Sympathy can come about if a character is doing something that the reader would want to do in the same circumstance, or experiencing something the same way that the reader would -- especially if the character is suffering while experiencing it. Seeing others suffer hightens our empathy and triggers our sympathy. Strangers will often cry at funerals, even if they don't know the deceased. Babies will cry when they hear other babies cry. We often develop compassion even for our enemies when we see them suffer.

Tension (caused by conflict) and suspense (caused by delaying decisive actions) can also add to sympathy.

So, an example.

Firstly, a sad event, but not one I think many readers would feel sad about.


The killer shot John's wife. John cried.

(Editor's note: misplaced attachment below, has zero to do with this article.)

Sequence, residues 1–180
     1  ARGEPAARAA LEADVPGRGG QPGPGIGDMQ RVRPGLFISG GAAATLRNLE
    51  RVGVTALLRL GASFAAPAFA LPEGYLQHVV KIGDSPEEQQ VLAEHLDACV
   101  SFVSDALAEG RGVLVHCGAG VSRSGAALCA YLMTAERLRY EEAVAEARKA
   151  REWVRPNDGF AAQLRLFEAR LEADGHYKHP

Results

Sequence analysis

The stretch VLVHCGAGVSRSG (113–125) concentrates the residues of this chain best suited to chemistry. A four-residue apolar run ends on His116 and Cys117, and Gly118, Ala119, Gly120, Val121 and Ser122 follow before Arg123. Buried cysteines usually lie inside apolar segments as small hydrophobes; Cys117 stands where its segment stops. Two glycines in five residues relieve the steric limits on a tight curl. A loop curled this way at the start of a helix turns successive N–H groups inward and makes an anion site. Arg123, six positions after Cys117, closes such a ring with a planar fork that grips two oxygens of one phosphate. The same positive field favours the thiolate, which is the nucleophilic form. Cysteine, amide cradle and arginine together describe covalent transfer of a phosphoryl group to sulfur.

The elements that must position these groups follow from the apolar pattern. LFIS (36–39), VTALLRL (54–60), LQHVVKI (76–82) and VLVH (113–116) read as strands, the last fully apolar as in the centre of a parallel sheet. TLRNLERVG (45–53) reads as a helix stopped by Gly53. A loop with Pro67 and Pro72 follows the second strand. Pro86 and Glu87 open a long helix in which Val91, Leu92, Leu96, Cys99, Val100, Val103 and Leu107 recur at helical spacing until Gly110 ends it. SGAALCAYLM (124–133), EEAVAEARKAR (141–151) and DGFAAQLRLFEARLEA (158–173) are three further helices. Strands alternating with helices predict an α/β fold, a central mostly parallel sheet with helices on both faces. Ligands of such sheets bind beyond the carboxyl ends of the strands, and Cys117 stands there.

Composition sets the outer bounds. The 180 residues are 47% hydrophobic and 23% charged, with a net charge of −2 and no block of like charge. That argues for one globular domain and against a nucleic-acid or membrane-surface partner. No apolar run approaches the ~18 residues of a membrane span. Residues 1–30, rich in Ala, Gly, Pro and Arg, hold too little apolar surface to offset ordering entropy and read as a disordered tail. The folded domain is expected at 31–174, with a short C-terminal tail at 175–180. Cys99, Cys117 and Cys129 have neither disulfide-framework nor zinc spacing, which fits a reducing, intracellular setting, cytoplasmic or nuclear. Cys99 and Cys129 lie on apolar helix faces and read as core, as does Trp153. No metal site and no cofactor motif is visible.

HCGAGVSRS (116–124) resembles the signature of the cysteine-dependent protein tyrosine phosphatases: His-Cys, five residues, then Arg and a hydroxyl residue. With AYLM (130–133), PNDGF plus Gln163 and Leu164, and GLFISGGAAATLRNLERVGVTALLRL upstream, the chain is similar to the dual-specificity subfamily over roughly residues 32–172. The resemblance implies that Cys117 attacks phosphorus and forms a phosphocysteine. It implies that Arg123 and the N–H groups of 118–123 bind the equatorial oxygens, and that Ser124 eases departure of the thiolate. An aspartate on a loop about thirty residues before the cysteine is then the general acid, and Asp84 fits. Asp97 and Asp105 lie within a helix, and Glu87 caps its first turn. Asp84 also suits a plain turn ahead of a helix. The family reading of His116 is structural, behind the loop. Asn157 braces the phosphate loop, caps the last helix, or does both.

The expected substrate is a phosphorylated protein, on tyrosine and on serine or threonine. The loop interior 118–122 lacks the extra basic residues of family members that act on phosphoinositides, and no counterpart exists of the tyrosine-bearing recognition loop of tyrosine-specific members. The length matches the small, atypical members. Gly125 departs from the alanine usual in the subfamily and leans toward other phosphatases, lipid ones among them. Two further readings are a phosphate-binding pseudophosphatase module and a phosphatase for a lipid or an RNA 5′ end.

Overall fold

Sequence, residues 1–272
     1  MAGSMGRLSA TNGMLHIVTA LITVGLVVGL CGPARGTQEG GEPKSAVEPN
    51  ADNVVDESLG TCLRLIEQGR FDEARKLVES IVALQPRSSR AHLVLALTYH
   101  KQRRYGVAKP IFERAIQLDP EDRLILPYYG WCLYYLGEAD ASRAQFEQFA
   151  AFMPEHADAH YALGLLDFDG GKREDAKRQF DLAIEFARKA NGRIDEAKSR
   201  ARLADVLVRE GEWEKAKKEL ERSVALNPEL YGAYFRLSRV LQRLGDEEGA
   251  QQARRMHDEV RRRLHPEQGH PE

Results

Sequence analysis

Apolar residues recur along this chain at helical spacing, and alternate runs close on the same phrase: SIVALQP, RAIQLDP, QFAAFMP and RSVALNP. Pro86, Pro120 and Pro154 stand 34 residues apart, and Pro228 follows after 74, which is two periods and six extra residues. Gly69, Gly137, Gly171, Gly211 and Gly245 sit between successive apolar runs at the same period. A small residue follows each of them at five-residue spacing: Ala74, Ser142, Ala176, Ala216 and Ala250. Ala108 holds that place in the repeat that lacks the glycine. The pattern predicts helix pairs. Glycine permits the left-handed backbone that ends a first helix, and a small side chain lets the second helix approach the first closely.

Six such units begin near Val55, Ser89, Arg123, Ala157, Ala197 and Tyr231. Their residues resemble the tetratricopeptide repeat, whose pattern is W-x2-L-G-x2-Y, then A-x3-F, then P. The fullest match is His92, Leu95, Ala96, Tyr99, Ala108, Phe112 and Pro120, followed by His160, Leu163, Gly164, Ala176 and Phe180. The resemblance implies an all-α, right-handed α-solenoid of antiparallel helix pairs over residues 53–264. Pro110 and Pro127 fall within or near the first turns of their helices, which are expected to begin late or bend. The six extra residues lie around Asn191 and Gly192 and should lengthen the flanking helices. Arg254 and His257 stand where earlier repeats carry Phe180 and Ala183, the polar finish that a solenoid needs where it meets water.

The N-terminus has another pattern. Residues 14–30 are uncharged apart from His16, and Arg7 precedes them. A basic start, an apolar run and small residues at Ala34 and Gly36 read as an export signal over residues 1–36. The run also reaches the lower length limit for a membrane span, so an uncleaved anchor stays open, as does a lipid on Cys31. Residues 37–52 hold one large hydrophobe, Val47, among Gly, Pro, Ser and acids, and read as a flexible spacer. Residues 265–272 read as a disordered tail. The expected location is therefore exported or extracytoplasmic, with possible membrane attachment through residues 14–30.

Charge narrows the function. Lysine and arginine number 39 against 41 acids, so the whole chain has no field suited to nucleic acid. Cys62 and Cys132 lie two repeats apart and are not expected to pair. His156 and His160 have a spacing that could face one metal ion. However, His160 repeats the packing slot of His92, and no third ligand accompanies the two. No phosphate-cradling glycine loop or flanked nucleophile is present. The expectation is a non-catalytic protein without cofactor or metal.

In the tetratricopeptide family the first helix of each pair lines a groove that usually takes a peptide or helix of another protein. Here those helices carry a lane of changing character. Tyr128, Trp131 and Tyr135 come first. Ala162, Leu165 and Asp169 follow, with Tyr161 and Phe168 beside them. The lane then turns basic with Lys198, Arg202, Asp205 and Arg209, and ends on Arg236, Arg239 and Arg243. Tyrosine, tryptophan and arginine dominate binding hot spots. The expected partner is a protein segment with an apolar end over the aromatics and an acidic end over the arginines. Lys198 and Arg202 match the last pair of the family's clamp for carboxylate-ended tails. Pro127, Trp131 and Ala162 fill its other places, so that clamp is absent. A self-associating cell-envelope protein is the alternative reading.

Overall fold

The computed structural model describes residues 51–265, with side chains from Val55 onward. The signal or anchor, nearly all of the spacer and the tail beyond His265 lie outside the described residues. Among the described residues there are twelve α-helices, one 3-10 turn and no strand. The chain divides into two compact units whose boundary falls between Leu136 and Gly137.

This next one attempts to play for the reader's sympathy by showing John making a choice that many might make in the same place, then by dragging out John's anguish in a series of suspenseful steps. At the same time, I'm trying to show John's emotions without saying what they are. See how many emotions he goes through. This example is hampered because we know nothing about Mary. There are no guarantees, but see if it reaches you more than the example above, at least.


The killer lifted the pistol. John's heart lurched as he saw that it was aimed at his wife. Her eyes widened and her fingers spread like a baby's.

"No!" he yelled. "Please!"

The killer hesitated.

"Me..." John's voice croaked. "Kill me if you must."

The barrel of the pistol swung around. John's mouth went dry. His legs gave way and he found himself on his knees. The weapon's black mouth gaped.